You can measure your convert success by looking at the conversion rate of your landing pages. How many visitors do they attract and what percentage of visitors become leads?
You can also look more closely (particularly if you use HubSpot) at elements such as the success of your CTAs. If one of your blogs sends more people to a landing page than others, does it have a different CTA? Look at the CTR (Click Through Rate) of individual CTAs to judge which are successful.
Measuring success – the journey between convert and close
You can measure the success of your inbound marketing at another point by introducing Marketing Qualified Lead (MQL) and Sales Qualified Lead (SQL) definitions. If you’re yet to do this then there’s a full guide on how to build a digital marketing sales funnel here.
Essential MQLs and SQLs allow you further reporting steps to assist you in judging how good your leads are. Is the problem that your marketing is not generating enough leads of the right type or that your sales efforts are not closing the right leads. Look at the conversion rate between MQL and SQL to start your reporting journey here.
Measuring success – close
The close stage of a customer journey is normally handled by sales, but marketing still has a part to play and there are still ways to measure your success.
What materials do sales have to assist them in closing deals? Any documents you provide for sales to use, such as case studies, can be tracked. Do prospects open and read them? What are the open rates? Can you improve them with providing your salespeople with a templated email?
Throughout all of these mini journeys you should measure the percentage of leads who progress through each stage. Measuring the conversion rate from convert to close is particularly important. What percentage of leads that you pass to sales end up being clients?
Measuring success – delight
Customer sentiment is most commonly tracked through Net Promoter Score (NPS). Customers are asked how likely they are to refer you to family and friends, on a scale of 1-10. An average rating of above 9 is considered a strong score.
Ultimately though, you can measure customer satisfaction through your bottom line and ROI figures.
The ultimate goal: looking at ROI
At some point you will need to look at how to measure your marketing ROI. There are various calculations you can use for this, with the below being a common starting point.
(Revenue — Investment) / Investment = Y
Y x 100 = ROI%
In real terms then, let’s say you have a marketing budget of £60,000 per year and you generate turnover of £1 million. Not bad figures for an SME.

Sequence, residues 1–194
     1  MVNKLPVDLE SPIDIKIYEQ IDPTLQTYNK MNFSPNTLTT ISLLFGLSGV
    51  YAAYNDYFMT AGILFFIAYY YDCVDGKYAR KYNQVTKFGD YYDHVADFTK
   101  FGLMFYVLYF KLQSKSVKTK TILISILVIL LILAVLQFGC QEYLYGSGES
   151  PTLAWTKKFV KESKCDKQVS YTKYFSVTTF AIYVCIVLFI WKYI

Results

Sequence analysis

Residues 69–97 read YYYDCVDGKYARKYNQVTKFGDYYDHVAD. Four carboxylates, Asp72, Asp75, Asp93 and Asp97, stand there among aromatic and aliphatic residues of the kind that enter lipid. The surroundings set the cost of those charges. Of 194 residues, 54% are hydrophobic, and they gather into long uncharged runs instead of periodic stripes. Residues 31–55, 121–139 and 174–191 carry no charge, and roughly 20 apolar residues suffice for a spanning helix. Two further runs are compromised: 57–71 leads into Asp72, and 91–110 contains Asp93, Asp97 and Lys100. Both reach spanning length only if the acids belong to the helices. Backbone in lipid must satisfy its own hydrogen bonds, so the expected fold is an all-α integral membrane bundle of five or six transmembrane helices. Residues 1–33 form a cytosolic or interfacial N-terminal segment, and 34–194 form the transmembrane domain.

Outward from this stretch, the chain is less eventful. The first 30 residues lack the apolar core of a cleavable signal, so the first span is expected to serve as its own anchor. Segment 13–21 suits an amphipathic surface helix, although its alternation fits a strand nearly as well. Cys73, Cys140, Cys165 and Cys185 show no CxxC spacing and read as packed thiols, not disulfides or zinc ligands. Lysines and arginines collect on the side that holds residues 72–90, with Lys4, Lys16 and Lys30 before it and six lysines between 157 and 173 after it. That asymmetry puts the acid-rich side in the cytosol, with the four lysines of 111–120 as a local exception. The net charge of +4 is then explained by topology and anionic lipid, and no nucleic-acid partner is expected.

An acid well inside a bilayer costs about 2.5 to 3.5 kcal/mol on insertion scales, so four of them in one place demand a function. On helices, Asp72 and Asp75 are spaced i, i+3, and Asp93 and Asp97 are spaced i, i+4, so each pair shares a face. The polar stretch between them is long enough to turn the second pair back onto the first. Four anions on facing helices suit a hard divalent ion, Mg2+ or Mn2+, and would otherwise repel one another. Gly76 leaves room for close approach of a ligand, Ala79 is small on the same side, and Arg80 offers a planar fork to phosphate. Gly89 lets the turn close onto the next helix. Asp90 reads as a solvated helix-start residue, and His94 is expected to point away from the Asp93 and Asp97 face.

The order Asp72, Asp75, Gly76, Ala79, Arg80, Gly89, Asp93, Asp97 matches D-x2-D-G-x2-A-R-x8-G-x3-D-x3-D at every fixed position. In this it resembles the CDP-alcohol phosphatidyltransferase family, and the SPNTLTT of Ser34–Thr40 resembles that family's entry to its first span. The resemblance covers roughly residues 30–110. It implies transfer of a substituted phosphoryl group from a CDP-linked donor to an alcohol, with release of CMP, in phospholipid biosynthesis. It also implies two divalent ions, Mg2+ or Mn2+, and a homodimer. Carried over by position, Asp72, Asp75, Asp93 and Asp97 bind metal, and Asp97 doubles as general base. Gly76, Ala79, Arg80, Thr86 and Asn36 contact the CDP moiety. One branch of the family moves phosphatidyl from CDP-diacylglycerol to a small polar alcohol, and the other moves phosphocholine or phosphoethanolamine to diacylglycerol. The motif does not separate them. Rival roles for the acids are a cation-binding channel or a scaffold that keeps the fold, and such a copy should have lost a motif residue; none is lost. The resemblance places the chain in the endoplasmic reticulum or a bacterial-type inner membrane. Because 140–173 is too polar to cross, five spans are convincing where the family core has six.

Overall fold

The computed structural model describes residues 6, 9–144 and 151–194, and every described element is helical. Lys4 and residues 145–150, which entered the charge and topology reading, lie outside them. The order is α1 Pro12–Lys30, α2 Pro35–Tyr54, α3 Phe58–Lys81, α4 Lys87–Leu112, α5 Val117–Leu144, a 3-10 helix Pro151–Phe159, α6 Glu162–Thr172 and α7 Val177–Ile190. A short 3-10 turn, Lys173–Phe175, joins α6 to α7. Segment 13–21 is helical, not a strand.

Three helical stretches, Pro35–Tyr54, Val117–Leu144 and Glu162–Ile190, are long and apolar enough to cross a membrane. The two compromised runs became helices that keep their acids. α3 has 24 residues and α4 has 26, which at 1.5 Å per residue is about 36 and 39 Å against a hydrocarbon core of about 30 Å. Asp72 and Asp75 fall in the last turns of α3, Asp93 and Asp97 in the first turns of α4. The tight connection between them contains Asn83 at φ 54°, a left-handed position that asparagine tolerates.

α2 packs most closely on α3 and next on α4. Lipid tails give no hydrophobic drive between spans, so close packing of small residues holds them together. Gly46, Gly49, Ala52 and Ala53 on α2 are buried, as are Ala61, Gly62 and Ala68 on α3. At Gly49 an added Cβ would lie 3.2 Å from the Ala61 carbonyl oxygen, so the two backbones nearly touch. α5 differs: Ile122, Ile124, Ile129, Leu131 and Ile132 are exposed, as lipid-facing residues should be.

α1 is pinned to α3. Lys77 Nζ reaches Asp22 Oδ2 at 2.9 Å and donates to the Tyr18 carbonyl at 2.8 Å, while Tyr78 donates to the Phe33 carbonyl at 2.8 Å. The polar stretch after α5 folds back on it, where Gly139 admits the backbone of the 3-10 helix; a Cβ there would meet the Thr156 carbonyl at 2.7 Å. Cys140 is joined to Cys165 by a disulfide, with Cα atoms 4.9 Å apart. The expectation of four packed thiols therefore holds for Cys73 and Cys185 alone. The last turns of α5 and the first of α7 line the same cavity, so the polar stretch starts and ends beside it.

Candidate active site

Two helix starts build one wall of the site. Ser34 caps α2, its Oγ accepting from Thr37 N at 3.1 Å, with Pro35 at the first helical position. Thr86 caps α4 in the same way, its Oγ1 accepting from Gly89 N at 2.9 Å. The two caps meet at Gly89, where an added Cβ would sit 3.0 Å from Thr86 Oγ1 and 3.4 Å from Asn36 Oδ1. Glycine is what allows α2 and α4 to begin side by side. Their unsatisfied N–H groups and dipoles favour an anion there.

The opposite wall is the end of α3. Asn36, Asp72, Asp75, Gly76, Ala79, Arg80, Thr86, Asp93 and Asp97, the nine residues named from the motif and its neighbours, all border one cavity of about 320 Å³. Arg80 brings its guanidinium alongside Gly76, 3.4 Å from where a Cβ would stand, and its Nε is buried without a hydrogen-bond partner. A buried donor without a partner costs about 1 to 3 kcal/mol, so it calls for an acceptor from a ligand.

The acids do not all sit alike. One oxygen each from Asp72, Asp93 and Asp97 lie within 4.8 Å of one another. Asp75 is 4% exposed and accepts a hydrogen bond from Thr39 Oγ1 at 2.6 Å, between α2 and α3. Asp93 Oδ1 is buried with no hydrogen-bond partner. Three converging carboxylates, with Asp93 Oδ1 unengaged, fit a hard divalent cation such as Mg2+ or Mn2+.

(1,000,000 – 60,000) / 60,000 = 15.7
15.7 x 100 = 1,570% ROI
Brilliant! A fantastic ROI figure.
You can use the same calculation to determine your ROI per channel. If you’ve spent £10,000 on Google Adwords, that’s your investment. You’ll now need to look at which customers came from that source, and how much they spent, to calculate what ROI you got from your AdWords spend.
HubSpot hint: HubSpot does the above for you automatically, by tracking your ad spend within the platform, tracking which contacts are created from advertising and then tracking through to which contacts end up with the lifecycle stage of ‘customer’.
How to create marketing reports that show off your success
Now that you’ve got all of your data together it’s important to show off your inbound marketing campaign success and ROI performance!
Whilst by this point you’ve probably conquered Excel, mastered HubSpot’s reporting and even got to the bottom of Google Analytics, it’s likely that the management team of your company aren’t quite as au fait with the tools you use.
We’ve got a whole page dedicated to guiding you through how to create digital marketing reports your boss will love, but here are some basic principles to follow.
- Report on the metrics management care about. This often means looking at ROI, particularly if you’ve just run a significant campaign.
- Google Data Studio is a useful tool to visualise data in a user-friendly way.
- If your target audience like paper and PDFs then use paper and PDFs. If they’re Powerpoint or Slides people then use Powerpoint or Slides. Don’t force your audience to learn a new medium whilst showing them new data unless you absolutely have to.
Go forth and measure your success!
All marketing is ultimately experimentation to some degree and all experiments need measuring.
Inbound campaigns in particular lend themselves to hyper-focused measurement of individual mini-journeys your target audience go on every day.
Using that information you can build up a picture of individual and overall success and get to an overall ROI figure that delights your management team.
Go forth and measure! If you need any help with doing that then you can get in touch with us here. Good luck!